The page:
The park would be funded in part from the council tax (today the statutory Forest is almost wholly paid for by the Forestry Commission) and in part from central government. By convention - there is no figure in the Act - the government is supposed to provide 75% of the of the cost. In practice (and according to my admittedly rather out-of-date Dartmoor Plan) it seldom does so to the full 75% and the council tax payers are left to pick up the additional bill. On Exmoor, the national park authority owns considerable areas of land which it has bought on the market and opened for public recreation. The New Forest Park would, of course, be open to the public already and in any case, the cost of property here would be prohibitive. The powers of land purchase would therefore probably not be of much importance.

The New Forest park authority would produce a national park plan, revised every five years. It would cover every aspect of life under the park - development, recreation, design, agricultural control, rights of way, traffic, tourism, wildlife etc. Other public bodies operating in the park's sphere of influence would have to have regard to the primary purposes of the park designation in making decisions.

How would the tailor-made park differ from this standard model ? Until the New Forest Committee discloses its full intentions, it is difficult to give a precise answer. Certainly the control would remain firmly in council hands, but other bodies such as the Verderers would have a member or two. This type of park would control the decisions of all constituent bodies by requiring them to follow the dictates of its park plan. That, if nothing else, makes such a body wholly unacceptable. It means in effect that the councils, through their majority, could direct the policies of the Verderers and Forestry Commission. Both standard and tailor-made parks would be damaging to the Forest, but the lack of this power to direct probably makes the standard version marginally less objectionable. In any case, there seems no prospect of parliamentary time being made available for tailor-made legislation, especially because such a Bill would be opposed, with petitions to both Houses of Parliament. We are thus likely to face a standard national park.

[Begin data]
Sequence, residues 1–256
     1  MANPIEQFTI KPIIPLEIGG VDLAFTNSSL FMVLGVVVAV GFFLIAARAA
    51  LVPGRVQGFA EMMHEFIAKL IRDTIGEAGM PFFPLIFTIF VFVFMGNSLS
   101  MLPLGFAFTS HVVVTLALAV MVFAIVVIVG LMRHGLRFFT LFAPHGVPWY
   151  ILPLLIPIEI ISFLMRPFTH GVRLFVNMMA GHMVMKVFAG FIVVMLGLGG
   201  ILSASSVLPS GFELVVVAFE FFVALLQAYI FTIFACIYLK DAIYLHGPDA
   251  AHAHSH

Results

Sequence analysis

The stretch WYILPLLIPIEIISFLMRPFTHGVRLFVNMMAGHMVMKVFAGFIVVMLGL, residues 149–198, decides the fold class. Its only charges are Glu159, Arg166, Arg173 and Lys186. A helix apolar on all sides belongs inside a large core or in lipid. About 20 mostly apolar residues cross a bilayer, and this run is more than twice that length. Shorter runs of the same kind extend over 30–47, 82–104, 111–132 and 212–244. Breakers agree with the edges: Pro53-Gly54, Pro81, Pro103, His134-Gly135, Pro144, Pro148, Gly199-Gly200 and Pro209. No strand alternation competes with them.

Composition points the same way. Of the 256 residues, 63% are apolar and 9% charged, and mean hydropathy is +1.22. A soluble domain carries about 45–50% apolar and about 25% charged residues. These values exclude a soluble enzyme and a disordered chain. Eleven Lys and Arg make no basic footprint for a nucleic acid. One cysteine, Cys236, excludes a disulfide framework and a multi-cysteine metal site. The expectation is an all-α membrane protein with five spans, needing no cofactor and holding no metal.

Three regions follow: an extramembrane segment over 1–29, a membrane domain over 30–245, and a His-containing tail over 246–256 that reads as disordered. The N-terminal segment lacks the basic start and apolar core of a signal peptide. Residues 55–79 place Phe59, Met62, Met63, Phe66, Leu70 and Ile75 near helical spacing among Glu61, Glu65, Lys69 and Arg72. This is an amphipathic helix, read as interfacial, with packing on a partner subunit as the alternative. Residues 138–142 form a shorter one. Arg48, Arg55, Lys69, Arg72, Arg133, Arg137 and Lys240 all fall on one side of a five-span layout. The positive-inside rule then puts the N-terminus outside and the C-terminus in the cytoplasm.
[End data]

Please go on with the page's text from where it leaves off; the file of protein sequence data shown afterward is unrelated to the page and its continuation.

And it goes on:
National parks undoubtedly have a role in contexts such as Dartmoor and Exmoor where there is little state-owned land, no effective regulation of common land (by Forest standards), no Verderers' Court to prevent development and where, at least in the recent past, there was a strong economic incentive to destroy moorland by agricultural improvement. In the New Forest things are very different. Virtually all of the land thought of by the man in the street as "New Forest" is owned by the Minister of Agriculture and open to the public. Development upon it is rigidly controlled by the Forestry Commission and the Verderers. In the remaining land, the Forest villages, and in the suburban fringe, there are stringent planning controls. I know there are arguments about the adequacy of the planning regime, but I have heard of no-one who would seriously object to giving enhanced planning powers to the councils if that were proved necessary. Why, therefore, apply a ponderous layer of additional bureaucracy duplicating or substituting for functions already carried out efficiently by the Forest authorities and the councils ? The answer seems to be that the government wishes to be perceived as doing something "green" - creating the nation's newest national park - however illusory are the benefits and however damaging to the Forest's defences that something is.